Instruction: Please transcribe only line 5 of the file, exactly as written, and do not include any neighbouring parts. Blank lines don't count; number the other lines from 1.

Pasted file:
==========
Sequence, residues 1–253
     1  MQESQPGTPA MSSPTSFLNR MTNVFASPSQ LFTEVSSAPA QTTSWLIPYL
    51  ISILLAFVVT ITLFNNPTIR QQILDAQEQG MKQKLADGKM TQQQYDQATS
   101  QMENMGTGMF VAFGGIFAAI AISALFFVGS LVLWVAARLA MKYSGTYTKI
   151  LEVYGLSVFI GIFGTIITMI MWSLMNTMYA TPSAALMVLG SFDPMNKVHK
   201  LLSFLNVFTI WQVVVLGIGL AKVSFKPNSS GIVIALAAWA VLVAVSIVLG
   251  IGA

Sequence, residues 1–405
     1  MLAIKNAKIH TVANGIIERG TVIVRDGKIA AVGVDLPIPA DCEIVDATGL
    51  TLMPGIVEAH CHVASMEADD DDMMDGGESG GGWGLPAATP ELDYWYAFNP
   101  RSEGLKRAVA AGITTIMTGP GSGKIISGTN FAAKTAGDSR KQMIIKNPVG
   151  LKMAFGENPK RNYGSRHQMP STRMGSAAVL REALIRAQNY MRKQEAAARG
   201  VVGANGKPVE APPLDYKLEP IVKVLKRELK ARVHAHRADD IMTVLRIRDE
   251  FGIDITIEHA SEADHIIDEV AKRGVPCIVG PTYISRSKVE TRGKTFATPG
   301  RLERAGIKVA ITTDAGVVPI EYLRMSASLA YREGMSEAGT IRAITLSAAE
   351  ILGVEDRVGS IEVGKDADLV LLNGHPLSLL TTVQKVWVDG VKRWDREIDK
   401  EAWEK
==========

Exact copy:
   151  LEVYGLSVFI GIFGTIITMI MWSLMNTMYA TPSAALMVLG SFDPMNKVHK